Jacksonland by Steve Inskeep is the thrilling narrative history of two men—President Andrew Jackson and Cherokee chief John Ross—who led their respective nations at a crossroads of American history. Five decades after the Revolutionary War, the United States approached a constitutional crisis.
At its center stood two former military comrades locked in a struggle that tested the boundaries of our fledgling democracy. Jacksonland is their story.
Near the end of 1812 a small boat set out on the Tennessee River. Starting somewhere around the site of present-day Chattanooga, the boat and its crew floated westward with the current, a speck on the water, dwarfed by the riverside cliffs that marked the river’s passage through the Appalachians.
Captaining the vessel was John Ross: twentytwo years old, black-haired, browneyed, slight but handsome. Each of his three companions could be described in a phrase (a Cherokee interpreter, an older Cherokee man named Kalastee, a servant who was likely a slave) but Ross was harder to categorize. He was the son of a Scottish trader whose family had lived among Cherokees for generations in their homeland in the southern Appalachians. Ross was an aspiring trader himself. Yet he was also an Indian. A man of mixed race, he had grown up among Cherokee children.
Whether he was a white man or an Indian became a matter of life or death on December 28, 1812. In Kentucky, as Ross later recorded in a letter, “We was haled by a party of white men” on the riverbank. The white men called for Ross’s boat to come closer. Ross asked what they wanted. Give us the news, one called back. Something bothered Ross about the men. “I told them we had no news worth their attention.”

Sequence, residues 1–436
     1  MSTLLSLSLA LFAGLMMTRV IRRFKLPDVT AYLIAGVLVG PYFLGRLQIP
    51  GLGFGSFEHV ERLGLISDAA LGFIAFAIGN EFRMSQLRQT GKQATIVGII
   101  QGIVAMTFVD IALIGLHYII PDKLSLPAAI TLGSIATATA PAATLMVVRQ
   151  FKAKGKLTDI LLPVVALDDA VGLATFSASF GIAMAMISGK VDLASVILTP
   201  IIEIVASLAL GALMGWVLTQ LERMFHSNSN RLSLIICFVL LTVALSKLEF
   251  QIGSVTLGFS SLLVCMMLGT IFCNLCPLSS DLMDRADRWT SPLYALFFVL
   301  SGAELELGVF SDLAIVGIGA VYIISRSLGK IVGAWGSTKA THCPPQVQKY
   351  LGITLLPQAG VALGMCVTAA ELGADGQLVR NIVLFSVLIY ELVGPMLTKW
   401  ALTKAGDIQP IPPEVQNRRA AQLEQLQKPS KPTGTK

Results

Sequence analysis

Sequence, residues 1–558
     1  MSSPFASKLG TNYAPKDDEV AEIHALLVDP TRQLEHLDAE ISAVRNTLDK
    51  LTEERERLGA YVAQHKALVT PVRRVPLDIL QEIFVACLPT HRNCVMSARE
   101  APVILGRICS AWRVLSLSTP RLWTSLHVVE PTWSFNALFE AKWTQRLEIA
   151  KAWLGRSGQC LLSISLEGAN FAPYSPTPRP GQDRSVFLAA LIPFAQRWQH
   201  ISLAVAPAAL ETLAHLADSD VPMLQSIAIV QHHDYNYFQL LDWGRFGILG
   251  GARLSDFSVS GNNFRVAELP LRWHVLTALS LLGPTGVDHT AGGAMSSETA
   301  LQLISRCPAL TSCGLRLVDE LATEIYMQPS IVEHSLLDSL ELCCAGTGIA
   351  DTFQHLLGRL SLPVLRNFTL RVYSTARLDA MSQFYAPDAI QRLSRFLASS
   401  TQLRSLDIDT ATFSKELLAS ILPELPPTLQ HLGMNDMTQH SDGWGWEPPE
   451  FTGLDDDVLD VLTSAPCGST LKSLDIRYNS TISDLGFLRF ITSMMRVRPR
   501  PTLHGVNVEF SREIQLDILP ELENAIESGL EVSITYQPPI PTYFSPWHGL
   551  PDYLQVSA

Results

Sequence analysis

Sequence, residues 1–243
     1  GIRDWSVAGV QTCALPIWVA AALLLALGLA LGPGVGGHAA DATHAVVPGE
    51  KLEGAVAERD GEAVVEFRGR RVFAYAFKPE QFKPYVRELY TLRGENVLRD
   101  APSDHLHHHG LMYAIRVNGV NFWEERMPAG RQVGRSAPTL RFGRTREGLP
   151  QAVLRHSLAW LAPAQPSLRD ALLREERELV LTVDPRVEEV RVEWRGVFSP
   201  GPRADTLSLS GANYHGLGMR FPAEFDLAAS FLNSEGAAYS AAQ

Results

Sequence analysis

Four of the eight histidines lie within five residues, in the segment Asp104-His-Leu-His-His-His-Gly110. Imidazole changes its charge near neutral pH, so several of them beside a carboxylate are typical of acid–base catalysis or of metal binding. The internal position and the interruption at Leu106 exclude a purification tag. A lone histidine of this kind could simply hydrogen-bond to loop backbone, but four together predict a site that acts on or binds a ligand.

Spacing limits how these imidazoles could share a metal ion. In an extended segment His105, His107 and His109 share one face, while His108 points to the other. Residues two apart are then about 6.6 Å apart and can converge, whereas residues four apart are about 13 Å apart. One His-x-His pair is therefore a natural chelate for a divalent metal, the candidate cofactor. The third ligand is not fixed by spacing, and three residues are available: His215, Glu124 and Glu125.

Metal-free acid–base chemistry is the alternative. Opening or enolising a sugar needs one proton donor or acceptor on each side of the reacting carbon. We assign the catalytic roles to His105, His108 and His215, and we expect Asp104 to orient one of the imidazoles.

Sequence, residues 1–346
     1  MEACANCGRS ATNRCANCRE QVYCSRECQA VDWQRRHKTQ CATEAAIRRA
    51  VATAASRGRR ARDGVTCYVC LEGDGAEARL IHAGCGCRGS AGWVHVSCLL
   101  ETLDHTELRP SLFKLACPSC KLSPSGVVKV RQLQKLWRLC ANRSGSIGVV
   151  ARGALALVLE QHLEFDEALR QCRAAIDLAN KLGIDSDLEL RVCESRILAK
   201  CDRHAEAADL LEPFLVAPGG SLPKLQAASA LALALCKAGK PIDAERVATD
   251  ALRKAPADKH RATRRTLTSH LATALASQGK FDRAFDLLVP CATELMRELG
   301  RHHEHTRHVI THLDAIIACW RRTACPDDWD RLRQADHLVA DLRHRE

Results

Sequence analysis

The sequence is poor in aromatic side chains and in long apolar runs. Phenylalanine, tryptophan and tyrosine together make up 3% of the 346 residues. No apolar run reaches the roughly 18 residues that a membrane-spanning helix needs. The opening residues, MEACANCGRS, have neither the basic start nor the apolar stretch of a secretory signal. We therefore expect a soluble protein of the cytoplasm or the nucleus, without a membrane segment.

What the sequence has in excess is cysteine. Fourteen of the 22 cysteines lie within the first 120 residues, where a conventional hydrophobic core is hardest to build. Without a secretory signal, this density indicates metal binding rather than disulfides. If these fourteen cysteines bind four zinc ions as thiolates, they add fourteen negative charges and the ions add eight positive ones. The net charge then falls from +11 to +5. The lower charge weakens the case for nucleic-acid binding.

Now the white men revealed their true purpose. One shouted that they had orders from a garrison of soldiers nearby “to stop every boat descending the river to examin if any Indians was on board as they were not permitted to come about that place.” Come to us, the men concluded. Or we’ll come to you. Ross didn’t come. “They insisted it was an Indian boat,” Ross recalled later, “mounted their horses & galloped off.”
The horsemen never reappeared. Reflecting on this afterward, Ross said he was “convinced” that “the independent manner in which I answered” the horsemen had “confounded their apprehension of it being an Indian boat.” Indians were supposed to be children of the woods, in a common phrase of the era: dangerous but not so bright, and expected to address white men respectfully as elder brothers. Ross had talked back to the men in clear and defiant English.
The future leader of the Cherokee Nation had passed as white.